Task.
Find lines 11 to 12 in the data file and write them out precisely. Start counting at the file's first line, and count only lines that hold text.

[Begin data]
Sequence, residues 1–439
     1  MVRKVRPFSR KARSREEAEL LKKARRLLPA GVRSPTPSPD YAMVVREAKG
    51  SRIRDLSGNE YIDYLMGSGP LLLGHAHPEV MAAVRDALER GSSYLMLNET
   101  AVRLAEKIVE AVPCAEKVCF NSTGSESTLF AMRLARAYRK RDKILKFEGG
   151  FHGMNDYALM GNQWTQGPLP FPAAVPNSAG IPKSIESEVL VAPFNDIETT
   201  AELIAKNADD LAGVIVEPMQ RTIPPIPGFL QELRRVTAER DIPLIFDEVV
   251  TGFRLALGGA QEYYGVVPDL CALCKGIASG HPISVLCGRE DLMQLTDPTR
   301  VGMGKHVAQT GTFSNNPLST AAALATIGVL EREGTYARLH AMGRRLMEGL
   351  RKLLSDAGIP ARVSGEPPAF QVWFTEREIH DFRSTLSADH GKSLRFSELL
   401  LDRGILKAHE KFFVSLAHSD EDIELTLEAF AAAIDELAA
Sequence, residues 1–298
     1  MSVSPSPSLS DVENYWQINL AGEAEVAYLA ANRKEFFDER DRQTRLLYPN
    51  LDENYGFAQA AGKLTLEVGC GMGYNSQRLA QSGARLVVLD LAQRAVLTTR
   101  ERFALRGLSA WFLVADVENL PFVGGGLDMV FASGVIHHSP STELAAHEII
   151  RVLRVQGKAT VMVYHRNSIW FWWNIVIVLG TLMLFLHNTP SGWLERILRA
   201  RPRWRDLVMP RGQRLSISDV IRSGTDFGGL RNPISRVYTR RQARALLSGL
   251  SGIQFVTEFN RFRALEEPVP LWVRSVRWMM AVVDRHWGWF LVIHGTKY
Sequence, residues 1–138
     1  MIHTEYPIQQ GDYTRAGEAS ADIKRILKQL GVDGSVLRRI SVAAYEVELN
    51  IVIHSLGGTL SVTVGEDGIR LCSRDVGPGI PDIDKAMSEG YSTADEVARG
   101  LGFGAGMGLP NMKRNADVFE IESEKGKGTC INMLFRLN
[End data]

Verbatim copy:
Sequence, residues 1–298
     1  MSVSPSPSLS DVENYWQINL AGEAEVAYLA ANRKEFFDER DRQTRLLYPN